Branching and looping, two very critical pieces of any Turing complete programming language, are now available. With all of the other work that has been done these features were quite easy to implement as well.
Anyone can say they want to "change the world" and that "it's not about the money" — but talk is cheap — so we made our mission legally binding. At a time when the world sometimes seems totally devoid of integrity, we really just wanted to create something with unquestionable integrity. Building Ghost
Love this. A ray of light after months of disturbing news from tech.
A lot of work went into this section. Statements were added to the grammar, as well as variable declarations, variable assignment and scopes.
The interpreter code is now in place and working. The foundation on which the rest of the Lox language will be created is done.
Canonical recently released Ubuntu 18.04, the company's latest iteration of its popular Linux distribution, nicknamed Bionic Beaver. Ubuntu 18.04 is a Long Term Support (LTS) release and will receive updates and support from Canonical until April 2023. But more notably... Unity is gone. GNOME is back. And Ubuntu has never been better. Scott Gilbertson
I just set-up 18.04 on an old Macbook Air and I'm having a lot of fun with it.
Getting deep into the Lox language now. The parser is where the syntax of a language lives.
A bit of a side-step here to generate the many classes needed to store the structure of the Lox code to be run. I have Ruby do the hard work for me.
So here’s my advice for anyone who wants to make a dent in the future of web development: time to learn how compilers work. Tom Dale - Compilers are the New Frameworks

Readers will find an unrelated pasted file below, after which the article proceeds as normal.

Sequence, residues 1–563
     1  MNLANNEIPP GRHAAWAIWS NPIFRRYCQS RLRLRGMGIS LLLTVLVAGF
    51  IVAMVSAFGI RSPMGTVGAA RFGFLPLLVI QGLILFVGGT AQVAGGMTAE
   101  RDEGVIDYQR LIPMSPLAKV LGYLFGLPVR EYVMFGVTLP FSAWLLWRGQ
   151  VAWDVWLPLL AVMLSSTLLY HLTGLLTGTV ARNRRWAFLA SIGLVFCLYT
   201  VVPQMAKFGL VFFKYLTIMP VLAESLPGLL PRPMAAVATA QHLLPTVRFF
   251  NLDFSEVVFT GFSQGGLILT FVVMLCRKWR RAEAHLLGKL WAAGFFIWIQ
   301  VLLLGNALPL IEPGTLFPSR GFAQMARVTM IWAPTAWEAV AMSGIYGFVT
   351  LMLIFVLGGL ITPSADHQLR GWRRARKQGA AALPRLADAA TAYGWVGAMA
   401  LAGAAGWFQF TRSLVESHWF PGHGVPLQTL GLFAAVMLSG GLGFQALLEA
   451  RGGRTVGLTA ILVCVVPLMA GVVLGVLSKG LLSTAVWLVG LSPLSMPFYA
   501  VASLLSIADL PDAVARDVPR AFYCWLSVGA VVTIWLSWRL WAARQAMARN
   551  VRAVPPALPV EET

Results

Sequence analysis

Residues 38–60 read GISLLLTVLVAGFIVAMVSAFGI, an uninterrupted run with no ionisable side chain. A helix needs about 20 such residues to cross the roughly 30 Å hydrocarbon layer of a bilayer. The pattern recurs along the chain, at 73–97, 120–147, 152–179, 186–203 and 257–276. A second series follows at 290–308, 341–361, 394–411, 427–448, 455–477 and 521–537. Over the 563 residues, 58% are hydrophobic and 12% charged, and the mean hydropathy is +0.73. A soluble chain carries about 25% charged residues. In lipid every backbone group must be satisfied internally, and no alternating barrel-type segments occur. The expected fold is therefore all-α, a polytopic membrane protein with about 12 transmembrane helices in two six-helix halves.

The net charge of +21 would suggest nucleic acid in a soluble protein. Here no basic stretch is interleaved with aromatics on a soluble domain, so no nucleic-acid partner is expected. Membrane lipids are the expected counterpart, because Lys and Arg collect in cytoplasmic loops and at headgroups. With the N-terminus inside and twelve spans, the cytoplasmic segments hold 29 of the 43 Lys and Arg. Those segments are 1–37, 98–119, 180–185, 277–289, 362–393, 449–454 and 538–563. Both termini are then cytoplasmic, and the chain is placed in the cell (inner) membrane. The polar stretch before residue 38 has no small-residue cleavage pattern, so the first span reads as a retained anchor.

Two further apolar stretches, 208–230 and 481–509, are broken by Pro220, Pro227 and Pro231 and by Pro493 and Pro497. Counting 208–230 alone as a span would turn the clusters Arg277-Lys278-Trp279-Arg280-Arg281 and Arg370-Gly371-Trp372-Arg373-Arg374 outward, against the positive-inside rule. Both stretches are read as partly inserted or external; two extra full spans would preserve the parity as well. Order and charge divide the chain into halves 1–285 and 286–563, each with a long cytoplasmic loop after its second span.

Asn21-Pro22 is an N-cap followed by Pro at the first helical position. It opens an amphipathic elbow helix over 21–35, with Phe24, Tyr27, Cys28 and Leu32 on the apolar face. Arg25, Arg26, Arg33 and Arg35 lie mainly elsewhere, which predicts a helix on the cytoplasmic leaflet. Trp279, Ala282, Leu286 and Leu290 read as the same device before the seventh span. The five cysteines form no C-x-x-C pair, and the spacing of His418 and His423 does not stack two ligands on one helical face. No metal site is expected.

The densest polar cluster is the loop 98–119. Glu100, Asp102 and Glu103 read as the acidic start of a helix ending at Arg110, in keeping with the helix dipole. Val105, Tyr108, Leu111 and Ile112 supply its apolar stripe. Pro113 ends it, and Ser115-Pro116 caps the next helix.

Yep... working on it.
Finally some progress on actual interpreter code. The scanner code is in place and generating tokens. Nothing much happens with them other than being printed to stdout, but it is progress.
I should have spent a bit more time with that interpreter book before committing to use it for this project. I would need much more time to learn Scheme than I want to spend.
...it's up to the developers, designers, entrepreneurs and technology leaders to create a version of the open web that also happens to be the best version of the web. Bringing people back to the open web
I agree that well built products will be required to lure people away from the walled gardens like Facebook, but that is not the only thing that is needed. There also needs to be a viable business model that doesn't include charging people (because they are already accustomed to using these tools for free), or monetizing their data in some way (which would put us right back into the situation we are in now).
This is the second article in the Building an Interpreter series. The project is up and running on Github and some exercises from Chapter One of Essentials of Programming Languages have been written.
...the agonizing lack of thought that city officials put into making healthy, multi-modal streets and the lack of any modicum of seriousness given to non-car modes of transportation. The Disgraceful Dockless Drama
The situation is also bad in the suburbs. Where I live the bike lane situation seems entirely random. Some roads have plenty of room for car lanes, bike lanes and parking while other roads have room only for car lanes, and some don't even have sidewalks. It would be nice to see a shift towards smaller electric vehicles everywhere.
CSS SANS is the font created by CSS, the programming language for web designing and typesetting.
This is great. The same kind of 'I just made it because I could' attitude that I want to focus on.
An introduction to a series of articles on the creation of a little programming language. The goal is to just to have some fun with building a interpreter.